Network operating system

Network operating system

A networking operating system (NOS), also referred to as the Dialoguer,[1] is the software that runs on a server and enables the server to manage data, users, groups, security, applications, and other networking functions.[2] The network operating system is designed to allow shared file and printer access among multiple computers in a network, typically a local area network (LAN), a private network or to other networks. The most popular network operating systems are Microsoft Windows Server 2003, Microsoft Windows Server 2008, UNIX, Linux, Mac OS X, and Novell NetWare.



Network Operating Systems are based on a client/server architecture in which a server enables multiple clients to share resources.[2]

The Network Operating System can also do the following:

  • Centrally manage network resources, such as programs, data and devices.
  • Secure access to a network.
  • Allow remote users to connect to a network.
  • Allow users to connect to other networks like the Internet.
  • Back up data and make sure it's always available.
  • Allow for simple additions of clients and resources.
  • Monitor the status and functionality of network elements.
  • Distribute programs and software updates to clients.
  • Ensure efficient use of a server's capabilities.


Use in Routers

Network Operating Systems (NOS) are embedded in a router or hardware firewall that operates the functions in the network layer (layer 3) of the OSI model.[1]


In a Peer-to-peer network operating system users are allowed to share resources and files located on their computers and access shared resources from others. This system is not based with having a file server or centralized management source. A peer-to-peer network sets all connected computers equal; they all share the same abilities to utilize resources available on the network.[3]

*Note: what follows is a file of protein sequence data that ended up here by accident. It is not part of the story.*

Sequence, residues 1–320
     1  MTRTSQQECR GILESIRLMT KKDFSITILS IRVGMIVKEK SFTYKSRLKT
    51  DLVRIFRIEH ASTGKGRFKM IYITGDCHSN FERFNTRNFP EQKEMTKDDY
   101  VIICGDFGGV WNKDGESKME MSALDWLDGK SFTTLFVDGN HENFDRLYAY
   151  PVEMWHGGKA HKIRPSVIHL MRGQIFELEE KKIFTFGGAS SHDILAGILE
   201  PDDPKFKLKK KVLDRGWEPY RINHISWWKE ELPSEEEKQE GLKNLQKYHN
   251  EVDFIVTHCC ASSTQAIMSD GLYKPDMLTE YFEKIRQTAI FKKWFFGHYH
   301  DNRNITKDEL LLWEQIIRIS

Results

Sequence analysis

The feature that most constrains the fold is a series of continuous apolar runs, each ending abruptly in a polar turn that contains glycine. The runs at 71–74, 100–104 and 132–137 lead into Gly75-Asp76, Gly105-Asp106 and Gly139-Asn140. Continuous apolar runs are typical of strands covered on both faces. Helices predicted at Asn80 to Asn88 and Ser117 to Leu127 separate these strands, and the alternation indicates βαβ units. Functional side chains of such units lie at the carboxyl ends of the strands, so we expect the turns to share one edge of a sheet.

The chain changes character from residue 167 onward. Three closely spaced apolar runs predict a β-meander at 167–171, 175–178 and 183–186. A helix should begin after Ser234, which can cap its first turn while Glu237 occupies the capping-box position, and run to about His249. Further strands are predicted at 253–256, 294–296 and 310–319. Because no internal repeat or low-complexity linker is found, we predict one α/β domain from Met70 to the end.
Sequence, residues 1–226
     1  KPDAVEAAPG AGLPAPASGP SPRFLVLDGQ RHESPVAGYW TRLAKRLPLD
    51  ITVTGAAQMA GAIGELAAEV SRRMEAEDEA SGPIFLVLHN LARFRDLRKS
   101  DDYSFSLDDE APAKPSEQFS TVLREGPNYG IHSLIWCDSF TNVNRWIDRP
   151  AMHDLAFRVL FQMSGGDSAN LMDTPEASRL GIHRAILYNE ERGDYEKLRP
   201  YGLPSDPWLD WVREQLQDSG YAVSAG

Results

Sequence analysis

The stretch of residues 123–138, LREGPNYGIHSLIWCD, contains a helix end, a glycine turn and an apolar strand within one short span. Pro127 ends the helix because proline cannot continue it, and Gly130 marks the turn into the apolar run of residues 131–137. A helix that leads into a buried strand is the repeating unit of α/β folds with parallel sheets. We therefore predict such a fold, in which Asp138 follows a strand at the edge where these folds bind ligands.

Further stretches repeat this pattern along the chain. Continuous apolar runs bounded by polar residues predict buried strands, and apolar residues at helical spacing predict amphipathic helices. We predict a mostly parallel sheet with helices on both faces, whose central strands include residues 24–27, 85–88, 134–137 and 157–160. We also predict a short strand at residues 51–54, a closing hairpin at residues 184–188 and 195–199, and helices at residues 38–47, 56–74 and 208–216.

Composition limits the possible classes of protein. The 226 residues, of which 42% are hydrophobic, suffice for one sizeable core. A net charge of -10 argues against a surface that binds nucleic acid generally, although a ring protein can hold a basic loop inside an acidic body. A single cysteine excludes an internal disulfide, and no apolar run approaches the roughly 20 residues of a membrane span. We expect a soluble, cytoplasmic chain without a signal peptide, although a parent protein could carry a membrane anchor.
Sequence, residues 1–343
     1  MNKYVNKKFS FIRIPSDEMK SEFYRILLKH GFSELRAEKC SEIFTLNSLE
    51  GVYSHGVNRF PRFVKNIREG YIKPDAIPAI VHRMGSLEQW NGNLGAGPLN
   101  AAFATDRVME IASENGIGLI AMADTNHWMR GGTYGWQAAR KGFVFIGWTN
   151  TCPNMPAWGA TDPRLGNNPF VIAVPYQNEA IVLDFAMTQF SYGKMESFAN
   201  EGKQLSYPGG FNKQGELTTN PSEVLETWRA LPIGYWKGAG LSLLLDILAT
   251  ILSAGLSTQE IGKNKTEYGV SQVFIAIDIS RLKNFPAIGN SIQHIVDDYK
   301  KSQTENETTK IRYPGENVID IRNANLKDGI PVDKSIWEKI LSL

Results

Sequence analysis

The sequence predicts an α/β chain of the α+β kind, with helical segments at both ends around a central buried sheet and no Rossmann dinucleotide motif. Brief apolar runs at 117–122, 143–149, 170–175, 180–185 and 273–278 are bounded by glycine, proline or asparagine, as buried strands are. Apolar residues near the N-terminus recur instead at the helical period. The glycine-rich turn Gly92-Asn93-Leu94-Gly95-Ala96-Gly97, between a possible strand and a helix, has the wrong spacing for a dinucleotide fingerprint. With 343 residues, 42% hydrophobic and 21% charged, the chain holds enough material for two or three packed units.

• Examples:
    • AppleShare used for networking connecting Apple products.
    • Windows for Workgroups used for networking peer-to-peer windows computers.
    • Lantastic


  • Ease of setup
  • Less hardware needed, no server needs to be purchased.


  • No central location for storage.
  • Lack of security that a client/server type offers.


Client/server network operating systems allow the network to centralize functions and applications in one or more dedicated file servers. The server is the center of the system, allowing access to resources and instituting security. The network operating system provides the mechanism to integrate all the components on a network to allow multiple users to simultaneously share the same resources regardless of physical location.[3][4]


  • Centralized servers are more stable.
  • Security is provided through the server.
  • New technology and hardware can be easily integrated into the system.
  • Servers are able to be accessed remotely from different locations and types of systems.


  • Cost of buying and running a server are high.
  • Dependence on a central location for operation.
  • Requires regular maintenance and updates.

See also

  • Network Computer Operating System


  1. ^ a b Al-Shawakfa, Emad; Evens, Martha (2001). "The Dialoguer: An Interactive Bilingual Interface to a Network Operating System.", Expert Systems Vol. 18 Issue 3, p131, 19p, Retrieved 5/7/2011.
  2. ^ a b c Dean, Tamara (2009). "Network Operating Systems", Network+ Guide to Networks, 421(483).
  3. ^ a b Winkelman, Dr. Roy (2009). "Chapter 6: Software", An Educator's Guide to School Networks, 6.
  4. ^ Davis, Ziff (2011). "network operating system", PCmag.comRetrieved 5/7/2011.


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